These variables comprise: supply voltage, clocking and function. The processor alone can determine the best combination of these variables to tune its performance to a maximum dependant upon the functions being executed in real time and within the constraints of the real time environment. The processor can, for instance, be operated beyond the normal voltage design limit, if the temperature is known to be within some bounds.
In support of the goal to stay in the maximum performance range of the system for as much time as possible, a number of operating states are defined. While in each state the processor and its system, monitor the environmental and executional state of the system and processor in real time. Movement between states is based on the parameters chosen for monitoring.
A processor performance control module will control the states and resulting actions and will have continuous input from the on-chip temperature sensing device. Upon every "n" clock boundary the processor will evaluate the current operating conditions to determine what action is to be taken and what state it should be in.
The present invention is illustrated by way of example and not limitation in the figures of the accompanying drawing in which like references indicate similar elements. FIG. 1 is a nomograph with axes of temperature and voltage which depicts regions in which a microprocessor may be operated.
FIG. 2 is a flowchart which illustrates the flow of the switching control of this invention as well as its states.
FIG. 3 is a block diagram of the performance control and automatic control of this invention and related inputs and outputs.
FIG. 4 is a diagram using simple logic blocks of the automatic control logic of this invention.
The functions operating at any moment by a processor are important parameters to be considered in performance maximization. The action taken may be determined in part by the program under execution. To exploit this end, the processor will keep an ongoing status of the instruction type(s) in execution. These instruction types can be broadly characterized as:
Each of these functions have associated dedicated hardware. In superscalar microprocessors, this hardware is often in the form of separate units; and there may be multiple copies of such units. For example: there may be two arithmetic units. In some cases, the units may be further broken down into more elementary units such as `rotate`, `add`, `or`, etc.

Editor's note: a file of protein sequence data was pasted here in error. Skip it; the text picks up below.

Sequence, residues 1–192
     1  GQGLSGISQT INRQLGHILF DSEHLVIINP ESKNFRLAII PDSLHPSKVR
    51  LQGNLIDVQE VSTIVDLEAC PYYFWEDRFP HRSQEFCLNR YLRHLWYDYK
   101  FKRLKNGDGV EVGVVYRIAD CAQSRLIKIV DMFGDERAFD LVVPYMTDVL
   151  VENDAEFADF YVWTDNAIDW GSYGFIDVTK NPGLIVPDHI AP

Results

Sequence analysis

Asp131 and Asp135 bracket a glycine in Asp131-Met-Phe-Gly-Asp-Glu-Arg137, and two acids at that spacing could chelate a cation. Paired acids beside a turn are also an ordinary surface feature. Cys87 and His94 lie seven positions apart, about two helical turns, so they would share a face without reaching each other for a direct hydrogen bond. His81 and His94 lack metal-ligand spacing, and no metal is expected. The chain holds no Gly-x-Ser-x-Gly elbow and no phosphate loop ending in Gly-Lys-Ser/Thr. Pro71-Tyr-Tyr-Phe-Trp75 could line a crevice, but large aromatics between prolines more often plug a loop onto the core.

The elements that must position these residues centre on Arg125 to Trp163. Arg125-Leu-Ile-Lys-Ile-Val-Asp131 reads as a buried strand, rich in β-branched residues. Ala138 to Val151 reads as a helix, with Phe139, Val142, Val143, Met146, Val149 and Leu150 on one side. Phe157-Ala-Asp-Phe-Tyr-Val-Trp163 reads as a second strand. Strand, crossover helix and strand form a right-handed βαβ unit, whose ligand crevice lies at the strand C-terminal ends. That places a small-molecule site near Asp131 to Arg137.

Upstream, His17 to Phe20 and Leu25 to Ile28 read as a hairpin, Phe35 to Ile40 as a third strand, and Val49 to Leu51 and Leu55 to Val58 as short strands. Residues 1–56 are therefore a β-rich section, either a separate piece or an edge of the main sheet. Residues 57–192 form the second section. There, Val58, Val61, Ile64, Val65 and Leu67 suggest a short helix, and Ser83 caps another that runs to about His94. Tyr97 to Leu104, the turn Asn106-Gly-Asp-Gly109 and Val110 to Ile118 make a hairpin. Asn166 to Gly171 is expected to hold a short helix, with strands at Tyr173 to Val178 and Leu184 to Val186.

In super scalar microprocessors, more than one type of operation can be in execution at any one time. To achieve optimum performance, it would be best to monitor all such activity and selectively activate operations not only to achieve the desired throughput but also to assure that the processor is operating close to its performance limits.
FIG. 1 shows a nomograph, with axes of temperature and voltage, depicting regions in which a microprocessor might be operated. The boundary to the left is determined by the lowest voltage at which the circuits will operate satisfactorily. The boundary to the right is determined by the safe stress level of the technology. Notice this rightmost boundary is a function of both temperature and voltage.
The dot 200 to the upper right portrays a typical specification sheet's "worst case operating point". A rectangle 400 determined by this point and a low voltage operating limit at similar temperature defines the specified operating conditions. Notice that the technology can safely support higher operating voltages, and by implication, higher performance; IF the worst case temperature is not approached. Indeed, under normal operating conditions, the worst case temperature is rarely approached. The shaded rectangle 500 portrays a more optimum performance region which the real time temperature will frequently allow.
The purpose of this invention is to keep the microprocessor operating within this more optimum performance region as shown by the shaded rectangle 500 as frequently as possible. In support of this goal, a number of other operating states are defined which decrease power dissipation and therefore operating temperature.